.In 1977 Lt. Commander Dean Knuth of the Naval Post-Graduate School proposed an improved system that involved numerical rating of 10 characteristics for each hole. These ratings, along with the weighted factors for each characteristic, provided an adjustment to the distance and rating of the course. The basis of this system was used to create the current USGA Course Rating System. In 1978 Dr. Richard Stroud proposed the concepts of the Slope System. Eventually the concept of Scratch Ratings and Bogey Ratings crept into the formulas and course rating became a two-number procedure in 1981.
In 1982 and 1983, under the leadership of Dr. Byron Williamson, the Colorado Golf Association pioneered the new Rating System and rated all its courses using the new procedure. The tests that Colorado performed using the Slope System for the USGA had positive results. The following year, five other states joined Colorado and others followed in subsequent years. Slope Ratings were implemented by the USGA on January 1, 1987. Slope Ratings assist in addressing the problem of portability of handicaps and adjusts a player’s USGA Handicap Index according to relative difficulty of the course being played.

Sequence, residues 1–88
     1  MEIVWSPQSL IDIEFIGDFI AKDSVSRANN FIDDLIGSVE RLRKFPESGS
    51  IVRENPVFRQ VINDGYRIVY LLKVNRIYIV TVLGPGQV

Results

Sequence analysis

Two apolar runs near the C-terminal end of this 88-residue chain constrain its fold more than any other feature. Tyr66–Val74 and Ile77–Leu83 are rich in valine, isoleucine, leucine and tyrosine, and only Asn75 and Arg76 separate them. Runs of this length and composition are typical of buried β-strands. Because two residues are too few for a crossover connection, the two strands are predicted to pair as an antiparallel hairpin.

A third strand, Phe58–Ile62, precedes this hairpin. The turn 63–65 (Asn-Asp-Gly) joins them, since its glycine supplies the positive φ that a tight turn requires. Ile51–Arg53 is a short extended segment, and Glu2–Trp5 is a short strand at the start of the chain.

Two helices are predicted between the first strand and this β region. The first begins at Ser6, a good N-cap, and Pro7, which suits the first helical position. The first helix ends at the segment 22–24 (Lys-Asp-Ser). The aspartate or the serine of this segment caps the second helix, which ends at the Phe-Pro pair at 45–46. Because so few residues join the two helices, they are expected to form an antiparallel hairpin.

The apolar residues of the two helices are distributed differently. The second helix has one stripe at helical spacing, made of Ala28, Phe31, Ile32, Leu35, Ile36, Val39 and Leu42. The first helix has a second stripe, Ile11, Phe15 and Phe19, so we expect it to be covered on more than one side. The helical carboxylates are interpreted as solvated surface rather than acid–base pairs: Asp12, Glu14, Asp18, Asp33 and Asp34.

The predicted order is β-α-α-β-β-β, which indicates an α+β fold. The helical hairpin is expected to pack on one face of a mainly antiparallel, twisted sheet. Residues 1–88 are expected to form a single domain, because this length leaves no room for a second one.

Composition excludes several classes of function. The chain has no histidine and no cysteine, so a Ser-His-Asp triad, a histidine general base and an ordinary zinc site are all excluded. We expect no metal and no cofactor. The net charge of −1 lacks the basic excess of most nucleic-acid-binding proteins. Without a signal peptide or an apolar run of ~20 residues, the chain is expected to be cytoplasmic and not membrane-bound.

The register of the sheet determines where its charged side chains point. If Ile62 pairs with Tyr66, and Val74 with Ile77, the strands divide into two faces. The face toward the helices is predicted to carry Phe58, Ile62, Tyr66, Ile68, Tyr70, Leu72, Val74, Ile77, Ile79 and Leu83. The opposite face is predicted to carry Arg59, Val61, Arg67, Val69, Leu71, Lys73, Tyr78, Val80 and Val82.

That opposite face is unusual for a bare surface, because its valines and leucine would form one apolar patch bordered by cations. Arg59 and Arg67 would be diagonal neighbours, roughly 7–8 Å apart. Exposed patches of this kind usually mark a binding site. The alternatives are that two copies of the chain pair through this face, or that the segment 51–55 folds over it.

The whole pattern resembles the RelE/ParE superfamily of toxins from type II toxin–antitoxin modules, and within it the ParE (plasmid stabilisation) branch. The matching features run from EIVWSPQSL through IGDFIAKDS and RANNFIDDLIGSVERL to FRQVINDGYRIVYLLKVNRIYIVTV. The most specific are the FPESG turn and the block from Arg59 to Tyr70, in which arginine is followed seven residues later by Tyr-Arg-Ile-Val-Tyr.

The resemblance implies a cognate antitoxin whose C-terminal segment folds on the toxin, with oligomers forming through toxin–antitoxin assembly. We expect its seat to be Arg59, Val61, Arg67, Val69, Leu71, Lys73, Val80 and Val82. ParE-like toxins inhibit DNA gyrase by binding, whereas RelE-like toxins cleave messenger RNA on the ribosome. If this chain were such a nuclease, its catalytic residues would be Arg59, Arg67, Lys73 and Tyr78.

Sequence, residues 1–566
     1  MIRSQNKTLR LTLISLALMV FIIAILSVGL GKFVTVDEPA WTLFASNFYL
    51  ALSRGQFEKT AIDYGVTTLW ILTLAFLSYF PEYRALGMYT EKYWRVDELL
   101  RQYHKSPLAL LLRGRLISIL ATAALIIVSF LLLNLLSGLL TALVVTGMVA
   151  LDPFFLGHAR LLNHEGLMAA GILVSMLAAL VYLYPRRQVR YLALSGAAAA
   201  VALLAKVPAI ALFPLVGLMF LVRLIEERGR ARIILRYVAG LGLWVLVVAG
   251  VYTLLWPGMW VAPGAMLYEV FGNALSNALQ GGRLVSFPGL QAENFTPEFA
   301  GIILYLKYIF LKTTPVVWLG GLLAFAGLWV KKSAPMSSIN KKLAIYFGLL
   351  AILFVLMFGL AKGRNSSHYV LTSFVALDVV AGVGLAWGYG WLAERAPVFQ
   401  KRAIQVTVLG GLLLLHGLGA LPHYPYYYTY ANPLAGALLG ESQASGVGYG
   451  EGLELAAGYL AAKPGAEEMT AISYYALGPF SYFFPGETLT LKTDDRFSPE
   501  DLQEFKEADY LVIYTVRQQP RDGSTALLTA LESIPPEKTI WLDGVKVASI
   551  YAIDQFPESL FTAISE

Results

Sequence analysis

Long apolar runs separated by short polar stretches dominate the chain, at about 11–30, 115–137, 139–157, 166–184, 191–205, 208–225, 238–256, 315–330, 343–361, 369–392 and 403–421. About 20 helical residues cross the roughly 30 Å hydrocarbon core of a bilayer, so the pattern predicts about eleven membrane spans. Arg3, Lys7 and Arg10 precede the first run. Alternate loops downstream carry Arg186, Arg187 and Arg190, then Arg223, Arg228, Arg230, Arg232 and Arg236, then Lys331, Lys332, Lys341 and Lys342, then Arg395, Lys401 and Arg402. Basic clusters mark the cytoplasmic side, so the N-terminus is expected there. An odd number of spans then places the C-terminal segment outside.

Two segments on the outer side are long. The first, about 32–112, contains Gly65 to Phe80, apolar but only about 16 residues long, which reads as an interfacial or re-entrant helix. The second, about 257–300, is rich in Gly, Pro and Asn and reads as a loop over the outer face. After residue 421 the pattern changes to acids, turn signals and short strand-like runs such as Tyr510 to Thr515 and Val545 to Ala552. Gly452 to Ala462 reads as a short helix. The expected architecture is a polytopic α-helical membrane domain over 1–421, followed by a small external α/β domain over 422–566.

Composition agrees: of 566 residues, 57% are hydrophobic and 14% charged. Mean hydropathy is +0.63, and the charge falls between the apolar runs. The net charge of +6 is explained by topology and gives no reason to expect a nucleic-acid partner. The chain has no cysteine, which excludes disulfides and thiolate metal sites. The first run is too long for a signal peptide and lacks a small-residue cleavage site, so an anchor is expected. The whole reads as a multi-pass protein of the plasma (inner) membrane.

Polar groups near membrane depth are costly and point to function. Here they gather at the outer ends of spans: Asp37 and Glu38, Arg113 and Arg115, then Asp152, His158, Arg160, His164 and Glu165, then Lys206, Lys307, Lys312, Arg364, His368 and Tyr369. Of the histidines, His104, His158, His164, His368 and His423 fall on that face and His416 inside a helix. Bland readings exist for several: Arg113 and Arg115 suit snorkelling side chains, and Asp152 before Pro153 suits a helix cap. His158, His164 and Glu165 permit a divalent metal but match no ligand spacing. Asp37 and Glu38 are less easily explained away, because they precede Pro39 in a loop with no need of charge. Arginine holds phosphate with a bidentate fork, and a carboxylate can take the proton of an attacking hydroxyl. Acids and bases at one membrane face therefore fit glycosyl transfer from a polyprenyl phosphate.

The USGA established a USGA Course Rating Subcommittee in 1987, which includes golf association staff and volunteers interested in the policies of the USGA Course Rating System. The committee meets annually to discuss modifications to the system and since 1989 conducts national course rating calibration seminars for all associations and foreign countries licensed to use the system.
Today the USGA Course Rating System is accepted as the gold standard for determining the difficulty of a golf course. More than 60 countries around the world are licensed and trained to rate golf courses using the USGA Course Rating System.